Throughout the pandemic, “public health experts” noted that the rate of childhood vaccinations was dropping. They seemed to have been shocked by this turn of events. However, most of us could have looked at the environment of unreasoning fear imposed upon the nation by the unholy alliance of people out to make a name for themselves, Pharma, the media, and millions of very stupid people and predicted that outcome.
Now with the reign of terror going away and COVID panic becoming the province of nutters,
I will not be flying @AlaskaAir until they reinstate public safety measures against #COVID19. #boycottAlaskaAir. https://t.co/XYqKaraaWE
— Eric Feigl-Ding (@DrEricDing) April 18, 2022
the people who caused the panic are beginning to survey the wreckage brought on by their labors.
Kids aren’t getting caught up on routine shots they missed during the pandemic, and many vaccination proponents are pointing to Covid-19 vaccine hesitancy as a big reason why.
Public health experts, pediatricians, school nurses, immunization advocates and state officials in 10 states told POLITICO they are worried that an increasing number of families are projecting their attitudes toward the Covid-19 vaccine onto shots for measles, chickenpox, meningitis and other diseases.
That spillover of vaccine hesitancy may also be fueling an uptick in religious exemption requests from parents of school-aged children and is making it more difficult for states to catch up with children who missed immunizations during the pandemic’s early days when families skipped doctor’s appointments, they say.
This observation comes from Politico in a story titled: Kids are behind on routine immunizations. Covid vaccine hesitancy isn’t helping.
The story goes on to try to tie some very loose correlations together into causation and transform that causation into blame.
At the beginning of the pandemic, immunization rates for children plummeted. In 2020, the Centers for Disease Control and Prevention saw a 15 percent drop from pre-pandemic levels in states’ orders for Vaccines for Children, the federal program through which about half the children in the country are immunized. In 2021, order levels were about 7 percent lower than pre-pandemic levels, according to the CDC.
In Florida, where the surgeon general last month announced that healthy children may not benefit from Covid vaccines, 2-year-old routine rates for all immunizations in county-run facilities plummeted from 92.1 percent in 2019 to 79.3 percent in 2021.
In Tennessee, nearly 14 percent fewer vaccine doses were given to children under 2 in 2020 and 2021 than before the pandemic.
And in Idaho, the number of kids who received their first dose of the measles, mumps and rubella (MMR) vaccine by age 2 decreased from roughly 21,000 in 2018 and 2019 to 17,000 in 2021.
This is a classic case of “shooting yourself in the foot and complaining about the pain.”
I do not doubt there is “vaccine hesitancy” about having young children vaccinated for COVID. However, I think it is safe to say that the COVID vaccine was cleared for use in a population facing minimal risks from disease exposure in a truncated process unparalleled in the annals of vaccine development. While an adult might agree to be vaccinated against COVID for any number of reasons, like being able to stay employed, that doesn’t imply that they are willing to subject their children to a risk that could be perceived as being orders of magnitude greater than the benefit. More questions arise when the companies that developed the COVID vaccines have gone to court to avoid releasing clinical trial data. In one case, Pfizer and the FDA–you know, the people who are supposed to protect us–teamed up to demand a delay of the data release for 55 years.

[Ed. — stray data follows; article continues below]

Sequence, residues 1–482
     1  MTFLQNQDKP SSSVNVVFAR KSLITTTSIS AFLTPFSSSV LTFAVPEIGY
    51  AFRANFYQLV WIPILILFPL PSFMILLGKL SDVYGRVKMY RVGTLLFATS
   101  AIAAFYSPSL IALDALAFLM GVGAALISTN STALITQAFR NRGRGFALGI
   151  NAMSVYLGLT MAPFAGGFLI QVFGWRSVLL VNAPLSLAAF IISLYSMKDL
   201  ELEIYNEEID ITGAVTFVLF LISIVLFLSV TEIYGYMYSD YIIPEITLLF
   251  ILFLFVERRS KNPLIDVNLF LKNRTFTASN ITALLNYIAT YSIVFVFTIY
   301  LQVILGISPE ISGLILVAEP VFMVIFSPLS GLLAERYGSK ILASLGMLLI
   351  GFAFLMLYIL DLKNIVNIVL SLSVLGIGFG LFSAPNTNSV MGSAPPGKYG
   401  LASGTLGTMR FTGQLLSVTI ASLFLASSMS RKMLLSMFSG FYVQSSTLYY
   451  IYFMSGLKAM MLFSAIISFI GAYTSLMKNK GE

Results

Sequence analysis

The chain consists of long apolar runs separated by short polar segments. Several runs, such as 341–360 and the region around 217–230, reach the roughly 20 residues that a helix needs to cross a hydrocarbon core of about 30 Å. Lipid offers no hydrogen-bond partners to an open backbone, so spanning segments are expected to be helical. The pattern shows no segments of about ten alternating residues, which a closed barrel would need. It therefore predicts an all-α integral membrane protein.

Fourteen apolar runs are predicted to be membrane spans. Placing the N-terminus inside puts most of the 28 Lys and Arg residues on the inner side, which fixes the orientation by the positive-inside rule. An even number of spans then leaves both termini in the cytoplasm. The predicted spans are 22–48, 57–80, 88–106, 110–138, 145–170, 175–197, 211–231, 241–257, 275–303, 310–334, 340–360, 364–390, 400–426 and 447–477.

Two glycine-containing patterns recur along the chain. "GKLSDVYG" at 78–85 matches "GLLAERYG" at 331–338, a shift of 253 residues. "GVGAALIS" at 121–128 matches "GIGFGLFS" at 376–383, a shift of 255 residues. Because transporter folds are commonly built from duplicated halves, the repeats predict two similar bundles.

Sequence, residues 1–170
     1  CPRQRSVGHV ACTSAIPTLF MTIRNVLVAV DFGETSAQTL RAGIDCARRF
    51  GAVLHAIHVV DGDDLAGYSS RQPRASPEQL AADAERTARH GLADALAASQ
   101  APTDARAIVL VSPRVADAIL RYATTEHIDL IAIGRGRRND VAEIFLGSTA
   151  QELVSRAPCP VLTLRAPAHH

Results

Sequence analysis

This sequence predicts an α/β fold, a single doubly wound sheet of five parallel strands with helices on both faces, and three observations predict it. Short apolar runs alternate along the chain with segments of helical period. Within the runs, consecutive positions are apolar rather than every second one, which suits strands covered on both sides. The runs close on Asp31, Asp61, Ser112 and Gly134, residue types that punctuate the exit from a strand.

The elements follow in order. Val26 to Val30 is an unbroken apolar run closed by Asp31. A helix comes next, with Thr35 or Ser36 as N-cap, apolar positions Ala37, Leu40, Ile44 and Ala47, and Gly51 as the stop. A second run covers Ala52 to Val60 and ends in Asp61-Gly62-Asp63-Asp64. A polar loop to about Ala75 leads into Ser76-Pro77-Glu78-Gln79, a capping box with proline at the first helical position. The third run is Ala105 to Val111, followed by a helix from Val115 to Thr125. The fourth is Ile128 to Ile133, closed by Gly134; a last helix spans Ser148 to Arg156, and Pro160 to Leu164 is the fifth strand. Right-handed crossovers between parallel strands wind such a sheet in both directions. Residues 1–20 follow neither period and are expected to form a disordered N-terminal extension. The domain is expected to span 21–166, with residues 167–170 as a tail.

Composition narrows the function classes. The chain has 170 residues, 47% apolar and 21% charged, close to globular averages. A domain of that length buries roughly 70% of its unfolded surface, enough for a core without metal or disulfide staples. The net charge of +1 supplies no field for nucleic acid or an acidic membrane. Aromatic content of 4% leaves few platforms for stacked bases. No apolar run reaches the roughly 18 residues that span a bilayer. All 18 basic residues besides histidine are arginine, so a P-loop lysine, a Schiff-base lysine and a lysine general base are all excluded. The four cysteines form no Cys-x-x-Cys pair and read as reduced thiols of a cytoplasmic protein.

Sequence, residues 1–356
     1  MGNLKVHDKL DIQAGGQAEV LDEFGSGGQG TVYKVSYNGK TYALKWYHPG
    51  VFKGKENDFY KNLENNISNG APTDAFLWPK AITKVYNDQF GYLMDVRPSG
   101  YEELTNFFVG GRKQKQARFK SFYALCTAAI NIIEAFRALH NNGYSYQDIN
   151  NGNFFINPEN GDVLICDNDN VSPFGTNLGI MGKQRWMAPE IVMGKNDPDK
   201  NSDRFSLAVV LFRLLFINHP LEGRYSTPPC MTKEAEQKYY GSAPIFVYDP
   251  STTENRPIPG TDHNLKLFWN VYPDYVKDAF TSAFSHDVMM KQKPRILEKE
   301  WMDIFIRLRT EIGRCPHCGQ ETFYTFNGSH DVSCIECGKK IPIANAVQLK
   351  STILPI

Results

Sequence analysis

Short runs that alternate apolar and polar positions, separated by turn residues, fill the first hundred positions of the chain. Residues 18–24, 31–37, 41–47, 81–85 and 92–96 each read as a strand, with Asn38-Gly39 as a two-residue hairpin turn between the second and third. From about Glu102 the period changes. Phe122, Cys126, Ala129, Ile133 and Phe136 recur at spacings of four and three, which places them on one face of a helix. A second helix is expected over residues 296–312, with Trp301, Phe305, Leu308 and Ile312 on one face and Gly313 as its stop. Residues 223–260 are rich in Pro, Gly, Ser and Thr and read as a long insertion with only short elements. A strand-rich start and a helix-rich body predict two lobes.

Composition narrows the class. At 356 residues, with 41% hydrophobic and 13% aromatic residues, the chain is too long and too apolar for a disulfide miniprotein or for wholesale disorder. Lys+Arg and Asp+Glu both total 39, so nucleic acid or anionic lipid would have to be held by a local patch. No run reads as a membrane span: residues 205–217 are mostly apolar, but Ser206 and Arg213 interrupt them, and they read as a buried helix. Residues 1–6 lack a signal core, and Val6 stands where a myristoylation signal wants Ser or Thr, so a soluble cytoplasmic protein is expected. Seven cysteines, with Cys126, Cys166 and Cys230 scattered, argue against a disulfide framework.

Now, after using the political process to bully and intimidate people into getting a vaccine they didn’t want for a disease that presented a no-to-moderate risk for most people so they could attend school, serve in the Armed Forces, or have gainful employment, the same people are asking for politics to be kept out of it.
“We just want to keep measles, polio, and all the things we vaccinate against out of the political arena,” said Hugo Scornik, a pediatrician and president of the Georgia Chapter of the American Academy of Pediatrics.
Sorry, Doc, you can’t unring that bell. By making the COVID vaccine a political issue and tying it to childhood vaccinations, parents are understandably reluctant to put themselves in a situation where their child could be vaccinated for COVID without parental consent (read the Journal of the American Medical Association’s advocacy for this position) or where Child Protective Services could become involved.
The bottom line is that before 2020 most of us trusted our doctors and largely deferred to so-called public health experts. Since the pandemic, we don’t. As I posted earlier about the alleged bio labs in Ukraine (see The Liar’s Paradox and Why We Should Not Trust the US Government’s Word About Biological Weapons Labs in Ukraine), these people have lied to us and tried to manipulate us by fake information and fear to push a political goal. They are no longer deserving of our trust. It may be inevitable that we see outbreaks of infectious diseases that childhood vaccinations could curb; when those happen, just remember it is because of the lies told to justify the COVID vaccine that is the root cause. “Vaccine hesitancy” is based on experience, not fear or politics.